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Overfishing and evolution

Fish fear their census-takers

Using snorkelers and SCUBA divers is not the best way to monitor fish populations, if we want to know the evolutionary effects of overfishing.

The fish population in coral reef areas is often assessed by snorkelers or SCUBA divers, but new research shows that these methods may misrepresent the number of fish.

A study from the University of Victoria shows that fish avoid the divers and snorkelers who try to count them. Not all types of fish are equally frightened by the divers, and Faculty of 1000 member Helen Yap, who recommended the study, explains that therefore "such methods may not provide an accurate picture of the actual diversity and abundance of fish communities."

Counting coral reef fish informs researchers about local ecological changes. However, accurate monitoring of fish populations in other parts of the ocean is also necessary. This is because overfishing has long-term, 'evolutionary' effects on fish population and breeding rates.

This was addressed by John Pandolfi in a recent article in Faculty of 1000 Reports. Accurate assessment of changes to fish populations depends on being able to count them. Pandolfi emphasized that fish populations must be monitored over several generations, saying "While the field is exciting and changing almost daily, we still have very little information of how species are affected by fisheries-induced evolution, and the extent to which various traits are vulnerable."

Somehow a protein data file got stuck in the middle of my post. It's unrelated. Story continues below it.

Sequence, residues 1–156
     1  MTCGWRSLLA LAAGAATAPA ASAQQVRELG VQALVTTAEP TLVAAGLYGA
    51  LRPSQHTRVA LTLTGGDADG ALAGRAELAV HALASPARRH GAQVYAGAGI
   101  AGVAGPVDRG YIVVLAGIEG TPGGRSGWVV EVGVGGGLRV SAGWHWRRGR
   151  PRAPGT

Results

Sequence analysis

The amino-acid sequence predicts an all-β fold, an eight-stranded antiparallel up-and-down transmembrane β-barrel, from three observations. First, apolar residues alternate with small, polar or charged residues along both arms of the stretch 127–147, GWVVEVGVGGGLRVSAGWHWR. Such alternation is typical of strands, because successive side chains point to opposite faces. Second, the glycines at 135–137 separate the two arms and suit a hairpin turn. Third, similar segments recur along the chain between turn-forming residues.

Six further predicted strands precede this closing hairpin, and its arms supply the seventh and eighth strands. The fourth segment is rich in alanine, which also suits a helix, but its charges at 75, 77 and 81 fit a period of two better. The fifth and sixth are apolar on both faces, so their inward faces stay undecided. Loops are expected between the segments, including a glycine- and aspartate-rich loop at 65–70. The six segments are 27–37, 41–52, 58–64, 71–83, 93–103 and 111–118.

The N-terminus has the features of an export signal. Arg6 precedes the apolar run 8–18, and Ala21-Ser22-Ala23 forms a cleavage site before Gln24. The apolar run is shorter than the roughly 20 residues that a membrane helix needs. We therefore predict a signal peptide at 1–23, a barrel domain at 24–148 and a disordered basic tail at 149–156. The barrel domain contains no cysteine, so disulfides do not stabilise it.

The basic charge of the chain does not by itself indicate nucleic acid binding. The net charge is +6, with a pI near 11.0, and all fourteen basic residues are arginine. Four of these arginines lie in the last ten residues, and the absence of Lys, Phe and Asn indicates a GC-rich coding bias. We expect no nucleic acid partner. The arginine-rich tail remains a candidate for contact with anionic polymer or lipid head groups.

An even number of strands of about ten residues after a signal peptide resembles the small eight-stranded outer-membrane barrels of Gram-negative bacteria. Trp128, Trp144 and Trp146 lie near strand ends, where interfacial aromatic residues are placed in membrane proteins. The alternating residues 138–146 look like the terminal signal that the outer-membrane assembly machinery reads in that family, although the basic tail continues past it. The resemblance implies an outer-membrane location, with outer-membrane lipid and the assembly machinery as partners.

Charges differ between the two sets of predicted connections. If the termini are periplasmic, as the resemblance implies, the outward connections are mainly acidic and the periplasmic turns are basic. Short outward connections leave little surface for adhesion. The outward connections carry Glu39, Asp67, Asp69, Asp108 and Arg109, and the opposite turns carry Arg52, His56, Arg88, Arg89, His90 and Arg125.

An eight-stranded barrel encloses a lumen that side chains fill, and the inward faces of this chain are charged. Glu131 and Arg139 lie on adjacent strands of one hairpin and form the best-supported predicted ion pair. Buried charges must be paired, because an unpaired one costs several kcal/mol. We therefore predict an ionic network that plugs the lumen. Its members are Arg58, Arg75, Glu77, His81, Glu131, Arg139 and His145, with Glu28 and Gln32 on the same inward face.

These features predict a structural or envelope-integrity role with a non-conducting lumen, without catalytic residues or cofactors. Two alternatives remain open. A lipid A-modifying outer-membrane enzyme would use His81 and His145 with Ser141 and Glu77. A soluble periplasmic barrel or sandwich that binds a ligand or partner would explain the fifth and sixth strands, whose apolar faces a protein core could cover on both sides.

1. Helen Yap, Faculty Member for F1000 Biology, is Associate Professor of Marine Science at the Marine Science Institute of the University of the Philippines, Quezon City.

2. John Pandolfi, Faculty Member for F1000 Biology, is Professor of Marine Studies at the University of Queensland, Brisbane.

3. The full text of the evaluation of "Using underwater cameras to assess the effects of snorkeler and SCUBA diver presence on coral reef fish abundance, family richness, and species composition" is available at

4. The full text of the article "Evolutionary impacts of fishing: overfishing's 'Darwinian debt'" is available at

5. Please name Faculty of 1000 Biology in any story you write. If you are writing for the web, please link to the website.

6. Faculty of 1000 Biology, is a unique online service that helps you stay informed of high impact articles and access the opinions of global leaders in biology. Our distinguished international faculty select and evaluate key articles across biology, providing a rapidly updated, authoritative guide to the biomedical literature that matters.

7. Please contact Kathleen Wets, Director of Sales & Marketing, for a complementary journalist subscription to Faculty of 1000

Kathleen Wets | EurekAlert!
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